A typical pair of running shoes accounts for 30 pounds of carbon dioxide emissions, equivalent to keeping a 100-watt light bulb on for a week, according to a new MIT-led life-cycle assessment.
You might assume that the best way to shrink the carbon footprint of any consumer product would be to make it out of more sustainable materials. But more than two-thirds of the carbon dioxide emissions can come from manufacturing processes, with less than a third from acquiring or extracting raw materials.
A team led by Randolph Kirchain and Elsa Olivetti of the Materials Systems Laboratory examined the steps involved in making running shoes. They found that a typical pair comprises 65 discrete parts requiring more than 360 processing steps, from sewing and cutting to injection molding, foaming, and heating. For these small, light components, such processes are energy-intensive—and, therefore, carbon-intensive—compared with the production of shoe materials, such as polyester and polyurethane. The team also determined that much of a sneaker’s carbon impact comes from powering manufacturing plants: a significant portion of the world’s shoe manufacturers are located in China, where coal is the dominant source of electricity.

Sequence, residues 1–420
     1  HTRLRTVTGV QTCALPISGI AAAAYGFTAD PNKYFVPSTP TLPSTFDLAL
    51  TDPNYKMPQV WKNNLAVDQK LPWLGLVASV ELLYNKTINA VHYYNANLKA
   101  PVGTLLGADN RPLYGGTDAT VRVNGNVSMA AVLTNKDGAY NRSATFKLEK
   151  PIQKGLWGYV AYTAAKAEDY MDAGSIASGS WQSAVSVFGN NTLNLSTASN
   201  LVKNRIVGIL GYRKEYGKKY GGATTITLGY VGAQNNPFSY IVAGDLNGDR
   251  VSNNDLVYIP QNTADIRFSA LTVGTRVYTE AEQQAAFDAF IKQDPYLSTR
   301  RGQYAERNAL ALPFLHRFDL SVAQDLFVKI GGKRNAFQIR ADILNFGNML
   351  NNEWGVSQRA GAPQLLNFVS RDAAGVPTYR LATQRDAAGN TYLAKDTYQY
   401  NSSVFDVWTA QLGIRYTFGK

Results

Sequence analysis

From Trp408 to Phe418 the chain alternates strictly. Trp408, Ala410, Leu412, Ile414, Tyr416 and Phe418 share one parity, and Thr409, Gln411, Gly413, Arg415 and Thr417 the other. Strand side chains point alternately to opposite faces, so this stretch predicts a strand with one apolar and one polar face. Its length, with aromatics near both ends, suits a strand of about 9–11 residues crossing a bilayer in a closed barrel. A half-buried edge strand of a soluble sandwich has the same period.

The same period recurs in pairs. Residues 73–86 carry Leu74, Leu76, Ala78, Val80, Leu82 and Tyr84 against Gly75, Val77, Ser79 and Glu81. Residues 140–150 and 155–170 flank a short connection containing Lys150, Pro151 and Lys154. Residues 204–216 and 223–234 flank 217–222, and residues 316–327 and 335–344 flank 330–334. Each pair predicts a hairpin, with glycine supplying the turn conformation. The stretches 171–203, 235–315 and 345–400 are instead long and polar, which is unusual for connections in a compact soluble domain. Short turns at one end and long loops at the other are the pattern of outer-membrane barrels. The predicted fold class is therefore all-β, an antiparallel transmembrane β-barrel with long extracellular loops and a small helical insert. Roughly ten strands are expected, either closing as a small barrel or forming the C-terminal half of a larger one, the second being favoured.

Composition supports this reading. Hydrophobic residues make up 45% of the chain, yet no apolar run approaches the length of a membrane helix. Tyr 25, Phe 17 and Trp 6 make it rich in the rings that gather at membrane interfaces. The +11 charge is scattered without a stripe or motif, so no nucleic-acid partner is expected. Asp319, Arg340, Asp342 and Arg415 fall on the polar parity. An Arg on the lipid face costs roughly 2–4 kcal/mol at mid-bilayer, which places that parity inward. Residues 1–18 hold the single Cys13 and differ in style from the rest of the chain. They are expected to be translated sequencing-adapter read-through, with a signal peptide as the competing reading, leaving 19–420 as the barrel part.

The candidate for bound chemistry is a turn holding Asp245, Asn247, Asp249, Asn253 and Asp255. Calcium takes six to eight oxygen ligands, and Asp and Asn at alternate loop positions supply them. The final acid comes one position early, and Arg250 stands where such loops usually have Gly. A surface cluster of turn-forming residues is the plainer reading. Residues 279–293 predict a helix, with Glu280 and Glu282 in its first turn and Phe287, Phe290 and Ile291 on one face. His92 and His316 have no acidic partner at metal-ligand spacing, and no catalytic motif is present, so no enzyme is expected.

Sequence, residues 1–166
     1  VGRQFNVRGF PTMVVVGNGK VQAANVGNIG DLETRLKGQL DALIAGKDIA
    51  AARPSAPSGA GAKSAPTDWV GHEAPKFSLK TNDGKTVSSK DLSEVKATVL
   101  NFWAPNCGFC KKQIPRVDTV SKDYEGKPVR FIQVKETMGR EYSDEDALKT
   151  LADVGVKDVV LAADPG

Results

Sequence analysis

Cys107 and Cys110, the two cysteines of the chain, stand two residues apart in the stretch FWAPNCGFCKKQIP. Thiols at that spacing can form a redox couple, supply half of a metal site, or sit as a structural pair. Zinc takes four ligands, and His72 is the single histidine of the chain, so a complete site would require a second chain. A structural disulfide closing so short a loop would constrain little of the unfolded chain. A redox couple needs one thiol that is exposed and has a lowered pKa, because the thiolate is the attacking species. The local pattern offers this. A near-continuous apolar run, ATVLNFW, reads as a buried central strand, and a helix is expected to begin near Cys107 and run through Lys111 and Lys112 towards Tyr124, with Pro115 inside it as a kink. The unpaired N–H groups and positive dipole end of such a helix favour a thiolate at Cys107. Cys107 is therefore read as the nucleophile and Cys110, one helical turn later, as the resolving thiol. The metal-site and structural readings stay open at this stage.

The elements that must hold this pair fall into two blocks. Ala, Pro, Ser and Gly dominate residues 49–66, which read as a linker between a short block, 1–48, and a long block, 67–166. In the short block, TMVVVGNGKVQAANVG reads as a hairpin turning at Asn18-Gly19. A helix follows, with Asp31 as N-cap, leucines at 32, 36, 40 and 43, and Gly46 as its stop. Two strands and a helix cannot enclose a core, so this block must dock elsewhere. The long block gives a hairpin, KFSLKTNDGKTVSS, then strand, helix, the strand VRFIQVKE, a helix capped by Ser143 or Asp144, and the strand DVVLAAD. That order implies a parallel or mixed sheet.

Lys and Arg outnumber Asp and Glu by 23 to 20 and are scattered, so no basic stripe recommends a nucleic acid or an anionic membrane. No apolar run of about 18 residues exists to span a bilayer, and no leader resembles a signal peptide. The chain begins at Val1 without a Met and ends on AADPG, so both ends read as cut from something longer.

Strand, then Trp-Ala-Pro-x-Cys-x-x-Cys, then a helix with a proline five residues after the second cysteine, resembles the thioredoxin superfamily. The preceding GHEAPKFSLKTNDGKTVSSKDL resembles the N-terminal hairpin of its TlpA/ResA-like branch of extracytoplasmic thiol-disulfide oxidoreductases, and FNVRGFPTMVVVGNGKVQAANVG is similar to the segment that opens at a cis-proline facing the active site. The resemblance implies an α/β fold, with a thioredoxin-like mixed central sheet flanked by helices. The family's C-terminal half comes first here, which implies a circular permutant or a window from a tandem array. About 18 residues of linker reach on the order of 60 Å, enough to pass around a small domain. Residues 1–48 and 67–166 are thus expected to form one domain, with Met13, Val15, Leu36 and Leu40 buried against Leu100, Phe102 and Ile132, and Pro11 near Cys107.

The group’s results, Kirchain says, will help shoe designers identify ways to improve designs and reduce shoes’ carbon footprint. They may also help industries assess the carbon impact of other consumer products more efficiently.
“Material substitution strategies alone may not be sufficient in reducing the environmental impact of products,” says Vikas Khanna, an assistant professor of civil and environmental engineering at the University of Pittsburgh, who did not participate in the research. “For example, switching to renewable material sources alone may not be sufficient for products that involve high manufacturing energy requirements.”
Geoffrey Hinton tells us why he’s now scared of the tech he helped build
“I have suddenly switched my views on whether these things are going to be more intelligent than us.”
Meet the people who use Notion to plan their whole lives
The workplace tool’s appeal extends far beyond organizing work projects. Many users find it’s just as useful for managing their free time.
Learning to code isn’t enough
Historically, learn-to-code efforts have provided opportunities for the few, but new efforts are aiming to be inclusive.
Deep learning pioneer Geoffrey Hinton has quit Google
Hinton will be speaking at EmTech Digital on Wednesday.
Get the latest updates from
MIT Technology Review
Discover special offers, top stories, upcoming events, and more.